First Sunday of Lent - 10th March, 2019

Liturgical Reflection

Luke 4:1-13



In my St Pauls Sunday Missal for today’s readings, there is a cautionary remark in the introduction: ‘The temptations of Jesus…were not temptations to moral evil as we usually understand it. They were not temptations to steal or murder or commit adultery. They were far more subtle; to give priority to material comfort, to have power over others, to test God’. That seems plain enough, and Jesus, despite his 40 days in the wilderness, was up to the challenge and disposed of the devil in three short quotes from the Old Testament (Deut 8:13, 6:13, 6:16).

Where does that leave us today? Are these the same temptations that we are confronted with? God knows that we would all like a little more comfort in our lives, a bit larger share of the cake, some relief from those that pester us when they ought to leave us in peace. And is our favourite TV program “Millionaire Hot Seat” or is it “The Chase Australia”? Wouldn’t it be great if I was the contestant – I would surely win the prize. That would make things so much easier in my life and I could go places and do things to my heart’s content. And think about someone who has been insolent towards you, or been cruel to you. You feel resentment - and it is this: “I don’t wish him/her harm but it would be great if someone would chastise them for what they have done”.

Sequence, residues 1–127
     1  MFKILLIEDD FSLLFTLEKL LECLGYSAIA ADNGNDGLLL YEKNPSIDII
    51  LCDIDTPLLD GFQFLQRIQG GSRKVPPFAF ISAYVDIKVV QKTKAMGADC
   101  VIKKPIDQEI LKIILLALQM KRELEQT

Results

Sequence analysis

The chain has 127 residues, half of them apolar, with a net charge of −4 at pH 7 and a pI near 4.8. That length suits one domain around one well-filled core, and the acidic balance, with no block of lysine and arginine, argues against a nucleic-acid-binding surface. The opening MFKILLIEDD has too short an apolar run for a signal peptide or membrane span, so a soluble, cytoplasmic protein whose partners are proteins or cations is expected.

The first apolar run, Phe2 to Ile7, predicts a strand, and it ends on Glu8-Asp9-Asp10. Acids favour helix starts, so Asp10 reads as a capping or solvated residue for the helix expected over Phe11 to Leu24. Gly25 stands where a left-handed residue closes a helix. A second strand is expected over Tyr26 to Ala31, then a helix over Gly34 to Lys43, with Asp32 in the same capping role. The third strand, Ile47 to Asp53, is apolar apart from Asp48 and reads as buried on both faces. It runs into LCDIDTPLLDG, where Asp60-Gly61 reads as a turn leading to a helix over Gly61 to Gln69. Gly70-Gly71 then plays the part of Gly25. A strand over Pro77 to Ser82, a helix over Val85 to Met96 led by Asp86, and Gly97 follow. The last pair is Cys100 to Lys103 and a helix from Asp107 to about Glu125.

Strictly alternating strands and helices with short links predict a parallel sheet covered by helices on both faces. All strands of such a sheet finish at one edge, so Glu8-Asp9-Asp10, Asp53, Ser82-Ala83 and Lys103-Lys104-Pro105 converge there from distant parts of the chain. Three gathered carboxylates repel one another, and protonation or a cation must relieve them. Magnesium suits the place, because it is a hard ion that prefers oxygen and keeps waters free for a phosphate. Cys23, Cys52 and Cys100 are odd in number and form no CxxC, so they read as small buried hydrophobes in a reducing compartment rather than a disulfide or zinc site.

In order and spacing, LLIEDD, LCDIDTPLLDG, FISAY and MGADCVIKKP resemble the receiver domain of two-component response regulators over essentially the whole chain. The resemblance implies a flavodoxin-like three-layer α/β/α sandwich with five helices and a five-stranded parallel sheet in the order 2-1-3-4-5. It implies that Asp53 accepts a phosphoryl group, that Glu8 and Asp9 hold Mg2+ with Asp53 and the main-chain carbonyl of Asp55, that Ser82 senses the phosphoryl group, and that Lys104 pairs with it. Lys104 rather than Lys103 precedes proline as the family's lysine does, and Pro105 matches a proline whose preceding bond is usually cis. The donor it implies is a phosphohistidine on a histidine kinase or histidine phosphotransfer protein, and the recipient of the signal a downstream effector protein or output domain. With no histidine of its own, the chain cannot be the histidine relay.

We should not be in any doubt that these temptations are with us. Having completed the Forty days in the desert Jesus sets out for the next few years to show and explain in practice what Almighty God wants from us and what the reward is for those who are faithful. As I said, we should not be in any doubt that these temptations are with us; nor should we be in any doubt about what God has laid out for us in response to these temptations.

In the next part of our Evening Prayer we have the answer as proclaimed by Mary: ‘The Almighty has done great things for me! … He puts forth his arm in strength and scatters the proud-hearted. He casts the mighty from their thrones and raises the lowly. He fills the hungry with good things, sends the rich away empty…’ Is this not the direct response that God has already done for us as baptised followers of Jesus. It’s that ‘upside down’ way of understanding what our humanity is really about. It’s Jesus law of love. The Hymn of Mary is ours as well so that we do not need to fear regardless of our circumstances.

Kevin Walker